Patterns of substance abuse in offenders court-referred for pre-sentence evaluation: associations with mental disorder and offending behaviour
2017-02-28T01:23:24Z (GMT) by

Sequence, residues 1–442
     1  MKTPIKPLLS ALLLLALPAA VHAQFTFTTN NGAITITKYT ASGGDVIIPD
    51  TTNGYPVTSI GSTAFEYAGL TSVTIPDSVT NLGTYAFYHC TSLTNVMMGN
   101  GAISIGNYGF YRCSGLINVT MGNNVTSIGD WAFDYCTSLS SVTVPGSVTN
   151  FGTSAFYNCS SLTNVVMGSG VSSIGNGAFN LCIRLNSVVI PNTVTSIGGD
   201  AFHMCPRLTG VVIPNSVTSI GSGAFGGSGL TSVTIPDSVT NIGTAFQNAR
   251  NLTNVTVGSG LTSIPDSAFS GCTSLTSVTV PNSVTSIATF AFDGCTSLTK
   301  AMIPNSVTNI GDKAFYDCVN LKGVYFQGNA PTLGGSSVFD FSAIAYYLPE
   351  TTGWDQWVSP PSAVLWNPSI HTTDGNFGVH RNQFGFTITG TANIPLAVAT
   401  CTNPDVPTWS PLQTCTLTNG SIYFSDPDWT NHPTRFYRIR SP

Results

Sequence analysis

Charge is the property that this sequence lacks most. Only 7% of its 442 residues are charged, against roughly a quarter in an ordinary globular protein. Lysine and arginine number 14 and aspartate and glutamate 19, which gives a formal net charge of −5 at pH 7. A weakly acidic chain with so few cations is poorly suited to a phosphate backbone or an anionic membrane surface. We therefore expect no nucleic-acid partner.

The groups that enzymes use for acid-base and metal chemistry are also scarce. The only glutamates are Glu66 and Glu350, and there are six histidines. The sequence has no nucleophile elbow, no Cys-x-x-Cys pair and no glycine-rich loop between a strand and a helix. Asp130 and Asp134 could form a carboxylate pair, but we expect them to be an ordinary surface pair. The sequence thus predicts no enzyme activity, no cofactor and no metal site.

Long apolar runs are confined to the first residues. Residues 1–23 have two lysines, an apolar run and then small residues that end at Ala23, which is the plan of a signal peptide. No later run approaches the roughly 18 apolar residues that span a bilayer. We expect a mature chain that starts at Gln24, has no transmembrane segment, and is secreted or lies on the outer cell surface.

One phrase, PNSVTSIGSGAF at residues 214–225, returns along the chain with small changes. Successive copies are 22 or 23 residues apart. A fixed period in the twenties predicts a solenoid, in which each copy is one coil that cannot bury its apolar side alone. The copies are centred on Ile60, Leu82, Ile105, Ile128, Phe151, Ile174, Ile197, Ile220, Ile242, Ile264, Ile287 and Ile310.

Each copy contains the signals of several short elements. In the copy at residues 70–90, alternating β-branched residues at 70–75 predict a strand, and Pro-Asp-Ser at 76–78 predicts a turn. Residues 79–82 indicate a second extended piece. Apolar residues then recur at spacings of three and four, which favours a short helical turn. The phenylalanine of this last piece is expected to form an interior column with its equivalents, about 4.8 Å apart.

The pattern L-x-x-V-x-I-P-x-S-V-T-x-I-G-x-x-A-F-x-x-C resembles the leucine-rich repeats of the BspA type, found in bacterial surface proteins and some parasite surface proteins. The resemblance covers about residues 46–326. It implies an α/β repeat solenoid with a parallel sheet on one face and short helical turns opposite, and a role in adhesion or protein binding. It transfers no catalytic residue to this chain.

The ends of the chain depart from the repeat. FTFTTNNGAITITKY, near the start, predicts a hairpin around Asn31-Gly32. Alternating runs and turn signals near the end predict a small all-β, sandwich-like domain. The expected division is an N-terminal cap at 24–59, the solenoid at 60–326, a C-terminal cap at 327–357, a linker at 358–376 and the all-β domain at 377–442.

The research literature reflects growing concern about the impact of substance use disorder (SUD) and the extent to which it may contribute to offending behaviour. The broad aims of this thesis were to 1) explore patterns and associations between SUD and substance use variables in a sample of offenders; 2) examine the relationship between SUD and mental disorder; 3) explore associations between substance use and offending behaviour; and 4) examine the combined effect of SUD with mental disorder and antisocial personality disorder on offending behaviour. Participants comprised 87 offenders who attended the Community Forensic Mental Health Service in Victoria, Australia for court-referred pre-sentence psychological or psychiatric evaluation. Results revealed a high prevalence of mental disorder, with 87% of participants meeting diagnostic criteria for at least one DSM-IV Axis I or Axis II mental disorder. These disorders rarely occurred in isolation, with results indicating a high level of psychiatric comorbidity. Participants with SUD suffered significantly higher rates of psychiatric morbidity when compared to their non-disordered counterparts; 93.2% of the participants with lifetime SUD met criteria for an additional mental disorder. Significant associations between lifetime SUD and offending behaviour were revealed, including a higher likelihood of violent offending, higher severity and versatility in offending, and a higher rate of imprisonment. Severity of substance use was also significantly associated with offending variables, and there was evidence that the relationship between substance use and offending varied according to substance and offence type. By distinguishing between substance using offenders by age at onset of SUD, this study revealed significant associations between early-onset SUD and a higher rate of current and lifetime substance dependence, a higher prevalence of polysubstance dependence and multiple SUD diagnoses, and higher severity of substance use. Early-onset SUD was also associated with offending behaviour, including a higher likelihood of juvenile offending, a higher likelihood of violent offending, greater criminal versatility, higher frequency and severity in offending, and a higher likelihood of imprisonment. This study also considered acquisitive, psychopharmacological and antisocial lifestyle explanations for the association between substance use and offending behaviour. Results showed that offenders with SUD were disproportionately represented within offence categories of acquisitive crime. Participants with a history of acquisitive offending met criteria for multiple SUD diagnoses significantly more frequently, and had significantly higher levels of substance use severity. In support of the psychopharmacological explanation for the association between acute substance use and offending, a very high proportion of participants with lifetime SUD had a history of offending whilst under the influence of alcohol or illicit substances. Results also supported the hypothesis that violent offending would be more strongly related to acute alcohol use than acute illicit substance use. Finally, the substance using offenders presented with a range of antisocial lifestyle factors, including higher levels of antisocial attitudes and association with antisocial peers, higher levels of antisocial personality pathology, and higher levels of criminal behaviour. These latter findings are consistent with the antisocial lifestyle thesis. In summary, the study findings suggest that it is unlikely that a single explanation can adequately account for the relationship between substance use and offending. Rather, it appears that each of the explanations explored assist understanding of the substance use-offending relationship. A primary aim of this research was that it would assist in the development of improved methods for assessing and treating substance-using offenders. The results show that substance-using offenders represent a heterogeneous population with respect to their history of substance use, psychopathology, and offending behaviours; thereby encouraging interventions that are comprehensively tailored to individual needs.